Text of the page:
Chief Justice Jefferson and I, along with Chief Justice Sherry Radack from the 1st Court of Appeals, Bob Wessels from Harris County, and David Slayton from Lubbock, are attending this symposium today and tomorrow in Williamsburg, sponsored by the State Justice Institute and the Bureau of Justice Assistance, and hosted by the National Center for State Courts. The topic is state court governance and organization, and we are discussing a set of ten principles of court system governance articulated by the leadership of the Utah state courts, Chief Justice Christine Durham and AOC Director Dan Becker:
1. A well-defined governance structure for policy formulation and administration for the entire court system.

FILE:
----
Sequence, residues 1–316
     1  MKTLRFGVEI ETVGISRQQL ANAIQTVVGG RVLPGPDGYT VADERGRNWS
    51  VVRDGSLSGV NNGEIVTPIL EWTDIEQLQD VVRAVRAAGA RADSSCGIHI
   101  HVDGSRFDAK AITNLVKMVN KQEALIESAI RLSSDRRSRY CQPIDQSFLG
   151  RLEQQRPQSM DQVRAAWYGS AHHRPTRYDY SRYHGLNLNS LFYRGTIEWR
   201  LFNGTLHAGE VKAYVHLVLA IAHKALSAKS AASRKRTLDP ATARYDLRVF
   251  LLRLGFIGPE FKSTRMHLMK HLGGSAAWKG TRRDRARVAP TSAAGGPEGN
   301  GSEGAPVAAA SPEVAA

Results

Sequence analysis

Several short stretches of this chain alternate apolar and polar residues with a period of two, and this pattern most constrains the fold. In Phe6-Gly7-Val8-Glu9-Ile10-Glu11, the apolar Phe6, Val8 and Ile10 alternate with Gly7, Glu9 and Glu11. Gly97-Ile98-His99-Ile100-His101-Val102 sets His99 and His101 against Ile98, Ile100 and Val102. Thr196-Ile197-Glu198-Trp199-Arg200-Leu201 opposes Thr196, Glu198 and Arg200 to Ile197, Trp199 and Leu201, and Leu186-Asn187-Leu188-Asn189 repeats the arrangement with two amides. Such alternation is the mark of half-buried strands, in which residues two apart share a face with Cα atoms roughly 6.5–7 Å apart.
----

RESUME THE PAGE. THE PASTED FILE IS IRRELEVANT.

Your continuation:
2. Meaningful input from all court levels into the decision-making process.
3. A system that speaks with a single voice.
4. Selection of judicial leadership based on competency, not seniority or rotation.
5. Commitment to transparency and accountability.
6. Authority to allocate resources and spend appropriated funds independent of the legislative and executive branches.
7. A focus on policy level issues; delegation with clarity to administrative staff; and a commitment to evaluation.
8. Open communication on decisions and how they are reached.
9. Positive institutional relationships that foster trust among other branches and constituencies.
10. Clearly established relationships among the governing entity, presiding judges, court administrators, boards of judges, and court committees.
Utah has a very centralized court system that nicely dovetails with these principles. Query how well the highly decentralized Texas system can reflect such principles.